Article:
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When Winnipeg erupted

In Germany I fed on grass and rats. I would prefer going back to eating grass than give up the freedom for which I fought so hard and suffered so much.”       This outburst, voiced by a First World War veteran in Western Labour News, captures all too well the disillusion and...
  • The Little Tire Store That Grew

    September 1, 1998 by Angela L. Smith
    The fragrant smell of Christmas tree-shaped car deodorizers always makes me think of two important events in my life: Taking a much-anticipated drive in my dad’s first completely new car–a Ford Thunderbird convertible–and shopping with him at our local Canadian Tire store. Back then, men...
  • The Trouble With Geese

    September 1, 1998 by Diana Sims
    High-flying honkers are as Canadian as maple sugar in March and crimson leaves in October. Several species of these migratory majestic cacklers were almost extinct earlier this century. But black-necked giant Canada geese and white Arctic snow geese have made remarkable, albeit raucous, recoveries. Sound...
  • Pride In The Red Serge

    May 1, 1998 by Bill Fairbairn
    My only run-in with the Royal Canadian Mounted Police came on the ice at Williams Lake, B.C. It was 30 years ago and my first winter in Canada. I was news editor for the Williams Lake Tribune and the media and police were hockey rivals...
  • Our Fabulous Flora

    May 1, 1998 by Marla Fletcher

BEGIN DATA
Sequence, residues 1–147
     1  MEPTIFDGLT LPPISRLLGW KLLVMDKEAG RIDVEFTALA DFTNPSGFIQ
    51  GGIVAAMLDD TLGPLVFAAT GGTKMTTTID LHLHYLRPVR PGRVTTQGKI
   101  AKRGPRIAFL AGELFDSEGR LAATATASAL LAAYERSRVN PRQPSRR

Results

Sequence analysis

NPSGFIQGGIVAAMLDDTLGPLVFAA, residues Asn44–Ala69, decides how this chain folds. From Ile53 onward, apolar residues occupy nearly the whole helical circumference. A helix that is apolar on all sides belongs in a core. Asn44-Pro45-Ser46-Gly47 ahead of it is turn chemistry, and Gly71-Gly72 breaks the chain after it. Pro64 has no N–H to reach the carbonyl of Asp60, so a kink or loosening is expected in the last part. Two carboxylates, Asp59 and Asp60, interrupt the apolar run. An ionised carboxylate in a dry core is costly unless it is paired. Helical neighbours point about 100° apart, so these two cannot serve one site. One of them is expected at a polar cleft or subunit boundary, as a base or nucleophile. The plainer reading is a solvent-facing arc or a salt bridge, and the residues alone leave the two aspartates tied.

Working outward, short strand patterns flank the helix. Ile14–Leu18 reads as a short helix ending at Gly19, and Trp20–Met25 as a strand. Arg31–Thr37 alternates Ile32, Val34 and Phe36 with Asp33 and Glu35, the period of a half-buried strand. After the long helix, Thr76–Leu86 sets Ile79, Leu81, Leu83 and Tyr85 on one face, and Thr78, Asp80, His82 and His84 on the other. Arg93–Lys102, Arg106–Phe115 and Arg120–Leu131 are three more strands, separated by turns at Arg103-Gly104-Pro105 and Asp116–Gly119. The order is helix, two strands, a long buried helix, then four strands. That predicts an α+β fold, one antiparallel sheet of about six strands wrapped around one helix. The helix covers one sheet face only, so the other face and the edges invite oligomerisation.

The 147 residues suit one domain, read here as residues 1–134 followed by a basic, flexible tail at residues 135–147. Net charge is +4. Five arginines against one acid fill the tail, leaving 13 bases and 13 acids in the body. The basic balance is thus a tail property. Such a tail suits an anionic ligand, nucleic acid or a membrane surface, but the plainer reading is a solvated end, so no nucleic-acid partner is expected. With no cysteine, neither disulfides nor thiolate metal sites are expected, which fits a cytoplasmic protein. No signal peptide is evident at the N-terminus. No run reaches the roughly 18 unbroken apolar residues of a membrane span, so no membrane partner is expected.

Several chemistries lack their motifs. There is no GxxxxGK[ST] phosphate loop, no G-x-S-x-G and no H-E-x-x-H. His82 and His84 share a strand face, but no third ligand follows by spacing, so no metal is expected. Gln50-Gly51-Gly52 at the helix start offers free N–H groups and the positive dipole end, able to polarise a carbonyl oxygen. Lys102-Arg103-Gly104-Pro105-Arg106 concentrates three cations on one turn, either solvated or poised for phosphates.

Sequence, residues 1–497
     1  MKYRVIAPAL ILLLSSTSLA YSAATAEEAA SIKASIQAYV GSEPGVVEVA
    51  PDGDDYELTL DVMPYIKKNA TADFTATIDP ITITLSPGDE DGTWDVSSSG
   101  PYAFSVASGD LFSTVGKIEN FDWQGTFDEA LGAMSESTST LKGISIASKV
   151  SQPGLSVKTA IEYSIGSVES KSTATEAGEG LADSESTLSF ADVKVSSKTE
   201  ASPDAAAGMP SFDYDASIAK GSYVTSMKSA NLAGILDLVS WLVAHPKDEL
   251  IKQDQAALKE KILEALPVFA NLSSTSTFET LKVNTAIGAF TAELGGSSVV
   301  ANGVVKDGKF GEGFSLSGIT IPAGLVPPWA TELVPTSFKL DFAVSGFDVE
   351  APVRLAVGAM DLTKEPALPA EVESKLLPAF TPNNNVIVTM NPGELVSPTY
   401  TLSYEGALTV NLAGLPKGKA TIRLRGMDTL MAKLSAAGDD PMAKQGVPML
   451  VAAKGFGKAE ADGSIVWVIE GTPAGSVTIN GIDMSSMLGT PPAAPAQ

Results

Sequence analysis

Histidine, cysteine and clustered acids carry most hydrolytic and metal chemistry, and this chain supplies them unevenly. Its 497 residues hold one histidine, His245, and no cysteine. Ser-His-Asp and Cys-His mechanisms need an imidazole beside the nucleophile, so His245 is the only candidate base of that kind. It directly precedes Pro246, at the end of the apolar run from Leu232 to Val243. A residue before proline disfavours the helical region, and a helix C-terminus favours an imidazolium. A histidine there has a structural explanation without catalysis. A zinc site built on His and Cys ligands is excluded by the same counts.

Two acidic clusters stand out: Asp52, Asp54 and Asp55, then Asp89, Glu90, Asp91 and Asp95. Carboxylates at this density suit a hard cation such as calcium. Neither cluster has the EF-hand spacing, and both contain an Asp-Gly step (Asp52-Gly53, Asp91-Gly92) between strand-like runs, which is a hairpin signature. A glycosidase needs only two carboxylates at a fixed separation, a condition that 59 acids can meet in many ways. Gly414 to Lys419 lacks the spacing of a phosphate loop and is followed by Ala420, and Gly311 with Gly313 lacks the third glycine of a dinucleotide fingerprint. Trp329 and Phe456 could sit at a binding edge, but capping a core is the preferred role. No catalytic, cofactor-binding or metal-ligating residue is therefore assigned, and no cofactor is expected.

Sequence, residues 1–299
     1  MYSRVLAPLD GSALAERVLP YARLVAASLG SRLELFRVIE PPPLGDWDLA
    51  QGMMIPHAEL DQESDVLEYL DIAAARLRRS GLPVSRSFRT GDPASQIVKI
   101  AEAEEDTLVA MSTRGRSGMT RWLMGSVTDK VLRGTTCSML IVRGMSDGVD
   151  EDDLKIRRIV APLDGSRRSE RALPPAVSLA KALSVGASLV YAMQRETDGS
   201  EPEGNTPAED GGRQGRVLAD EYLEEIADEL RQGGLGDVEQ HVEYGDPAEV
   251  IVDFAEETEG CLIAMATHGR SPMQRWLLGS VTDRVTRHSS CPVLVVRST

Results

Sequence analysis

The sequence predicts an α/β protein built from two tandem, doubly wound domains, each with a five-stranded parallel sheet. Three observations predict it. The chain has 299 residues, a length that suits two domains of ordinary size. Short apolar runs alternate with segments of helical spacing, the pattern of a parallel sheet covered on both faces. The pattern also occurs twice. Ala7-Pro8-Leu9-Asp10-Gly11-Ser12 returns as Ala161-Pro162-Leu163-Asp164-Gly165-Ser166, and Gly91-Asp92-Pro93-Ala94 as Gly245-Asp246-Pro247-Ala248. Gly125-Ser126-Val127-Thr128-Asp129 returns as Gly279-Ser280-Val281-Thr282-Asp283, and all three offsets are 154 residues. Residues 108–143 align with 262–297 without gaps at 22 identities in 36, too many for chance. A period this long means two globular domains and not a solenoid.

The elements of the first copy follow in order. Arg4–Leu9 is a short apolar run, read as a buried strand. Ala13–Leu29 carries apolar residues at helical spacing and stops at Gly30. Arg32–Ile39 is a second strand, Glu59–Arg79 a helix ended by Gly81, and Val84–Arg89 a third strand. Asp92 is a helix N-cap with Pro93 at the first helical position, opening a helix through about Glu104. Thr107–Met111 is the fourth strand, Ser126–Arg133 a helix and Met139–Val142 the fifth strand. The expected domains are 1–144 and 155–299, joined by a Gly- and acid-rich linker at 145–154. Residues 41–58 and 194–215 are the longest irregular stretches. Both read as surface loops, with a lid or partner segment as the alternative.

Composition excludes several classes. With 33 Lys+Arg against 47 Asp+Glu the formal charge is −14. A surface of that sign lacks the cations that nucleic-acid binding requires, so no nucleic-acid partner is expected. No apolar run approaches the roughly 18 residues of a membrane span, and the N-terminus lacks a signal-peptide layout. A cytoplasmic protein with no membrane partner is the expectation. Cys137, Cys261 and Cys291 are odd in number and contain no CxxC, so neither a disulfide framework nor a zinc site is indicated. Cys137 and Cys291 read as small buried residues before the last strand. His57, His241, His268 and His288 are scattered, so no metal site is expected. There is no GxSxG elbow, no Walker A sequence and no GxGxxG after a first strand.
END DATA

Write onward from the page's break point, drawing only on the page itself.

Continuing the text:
Probably every Canadian has heard, maybe even hummed, the 1956 Woody Guthrie folk classic “This Land is Your Land”–preferably the Canadian version. As a child, I had a vivid image of the phrase: “As I was walking that ribbon of highway/I saw above me that...
  • The Quebec Colossus

    March 1, 1998 by Peter Black
    He just couldn’t turn down such a brazen dare. All his life Louis Cyr had been called upon to prove the immense strength bestowed upon him by nature. He was not about to allow some upstart to arbitrarily strip him of the title of World’s...
  • Dulse-Sea-Dulse

    March 1, 1998 by Valerie Wilson
    Jay Willar straightens stiffly, knuckles kneading his backbone, and surveys the hard-won efforts of a morning’s labor: a 10-foot-wide swath of ground-laid netting festooned with tangled ribbons of pink-brown dulse. The noonday sun is already working its magic, baking it to a deep reddish-purple. Jay’s...
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